Barnes earns state coach honor

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Rec Coach of the Year

By Robert Howey




Hazel Barnes, a veteran volunteer coach with the Lancaster County Parks and Recreation Commission, has been honored as the South Carolina Youth Sports Coach of the Year.

The honor was presented to Barnes at the annual meeting of the South Carolina Parks and Recreation Association’s S.C. Athletic Programs Branch awards program on Dec. 8 at the Tri-City Leisure Center in West Columbia.

Barnes has been a volunteer coach for Lancaster County for the past 28 years. He has been certified through NYSCA and has coached all ages and levels throughout the program.

Barnes volunteers with the Lancaster Youth Golf Association. He has won district and state tournaments.

“Hazel is a remarkable role model as he is a Christian man and leads by example,” said Hal Hiott, the Athletic Director for Lancaster County Parks and Recreation Department, who served on the Board of Directors for the SCRPA Athletic Board as the 2010 Board President.

“All of his teams are taught more than just the sport he happens to be coaching. He stresses the game of life, good study habits and respect for elders and your teammates.”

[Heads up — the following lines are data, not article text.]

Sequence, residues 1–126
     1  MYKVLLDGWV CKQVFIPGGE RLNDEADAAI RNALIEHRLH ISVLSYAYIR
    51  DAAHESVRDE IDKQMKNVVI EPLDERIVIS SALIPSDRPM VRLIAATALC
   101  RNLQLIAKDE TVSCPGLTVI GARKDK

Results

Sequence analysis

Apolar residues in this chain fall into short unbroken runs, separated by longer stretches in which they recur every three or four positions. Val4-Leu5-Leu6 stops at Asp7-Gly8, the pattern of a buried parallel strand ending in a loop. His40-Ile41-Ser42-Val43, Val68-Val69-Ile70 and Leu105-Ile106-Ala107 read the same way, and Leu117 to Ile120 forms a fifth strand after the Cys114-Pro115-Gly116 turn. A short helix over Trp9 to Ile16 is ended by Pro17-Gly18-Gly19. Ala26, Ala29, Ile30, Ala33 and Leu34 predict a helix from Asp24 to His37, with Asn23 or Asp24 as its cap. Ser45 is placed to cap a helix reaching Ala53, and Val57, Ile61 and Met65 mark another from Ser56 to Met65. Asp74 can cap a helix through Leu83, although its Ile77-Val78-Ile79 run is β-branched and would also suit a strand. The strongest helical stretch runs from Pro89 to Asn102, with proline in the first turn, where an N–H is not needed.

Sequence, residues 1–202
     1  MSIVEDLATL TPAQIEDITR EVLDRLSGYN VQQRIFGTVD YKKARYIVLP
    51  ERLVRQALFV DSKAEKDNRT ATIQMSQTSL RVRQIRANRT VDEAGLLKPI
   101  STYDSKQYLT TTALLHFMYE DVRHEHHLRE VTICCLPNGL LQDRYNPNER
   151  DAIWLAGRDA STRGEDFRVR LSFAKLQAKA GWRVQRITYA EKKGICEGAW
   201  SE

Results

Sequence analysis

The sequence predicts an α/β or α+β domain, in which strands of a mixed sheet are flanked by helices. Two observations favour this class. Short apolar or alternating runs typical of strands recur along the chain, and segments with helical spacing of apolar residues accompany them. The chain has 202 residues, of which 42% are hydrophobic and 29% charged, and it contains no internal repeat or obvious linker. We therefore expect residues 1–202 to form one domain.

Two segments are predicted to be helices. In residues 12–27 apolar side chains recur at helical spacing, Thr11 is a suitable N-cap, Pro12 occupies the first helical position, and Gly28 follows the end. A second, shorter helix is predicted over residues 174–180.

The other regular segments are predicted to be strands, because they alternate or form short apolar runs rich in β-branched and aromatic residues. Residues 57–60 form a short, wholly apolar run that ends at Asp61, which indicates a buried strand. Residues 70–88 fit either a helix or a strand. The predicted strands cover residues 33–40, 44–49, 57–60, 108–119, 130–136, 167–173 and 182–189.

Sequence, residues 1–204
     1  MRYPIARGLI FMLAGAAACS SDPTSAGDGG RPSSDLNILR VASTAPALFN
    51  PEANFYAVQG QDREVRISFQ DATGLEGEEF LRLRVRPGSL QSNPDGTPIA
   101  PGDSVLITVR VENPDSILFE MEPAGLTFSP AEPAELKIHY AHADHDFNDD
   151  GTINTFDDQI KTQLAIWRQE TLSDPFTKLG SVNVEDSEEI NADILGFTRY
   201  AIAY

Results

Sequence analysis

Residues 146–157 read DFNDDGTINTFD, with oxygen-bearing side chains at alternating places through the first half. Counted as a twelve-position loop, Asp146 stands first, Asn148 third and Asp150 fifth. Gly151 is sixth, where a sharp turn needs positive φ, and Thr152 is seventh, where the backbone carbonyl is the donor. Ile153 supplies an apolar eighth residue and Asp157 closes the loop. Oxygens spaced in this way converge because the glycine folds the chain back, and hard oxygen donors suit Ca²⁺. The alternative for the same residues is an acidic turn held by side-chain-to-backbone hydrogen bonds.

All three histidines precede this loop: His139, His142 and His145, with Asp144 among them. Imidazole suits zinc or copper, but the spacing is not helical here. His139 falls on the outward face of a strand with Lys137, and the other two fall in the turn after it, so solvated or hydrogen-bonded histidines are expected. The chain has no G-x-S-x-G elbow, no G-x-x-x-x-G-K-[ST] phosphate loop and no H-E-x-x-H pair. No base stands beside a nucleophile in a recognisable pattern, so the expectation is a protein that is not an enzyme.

Hiott said he was thrilled with Barnes’ honor.

“It was a great honor to be able to present one of our own coaches as South Carolina Coach of the Year,” Hiott said. “Each year Coaches are nominated from around the state and this year Hazel was the cream of the crop. We are so proud of him and the example he sets for the children in our community.

“Hazel began coaching his kids at a young age. Today he coaches his grandchildren. It has been an honor to work with such a fine man as Hazel Barnes,” Hiott said.

Lancaster County Parks and Recreation Director Frank Overcash also saluted Barnes’ honor.

“This is a fantastic honor for Hazel,” Overcash said. “Hazel has a good outlook on what impact a volunteer coach imparts.

“He’s been there for a lot of kids,” he added. “Hazel has turned around a lot of kids over the years. What I really like about Hazel is he competes and wants to win, but he knows the game is temporary  and there’s more than the final score. Playing the game of life goes on and on. He has a good outlook on life and shares it in his coaching style.

“Hazel talks about grades, character and being accountable,” Overcash said. “If all volunteer coaches were like Hazel, we wouldn’t have to worry.”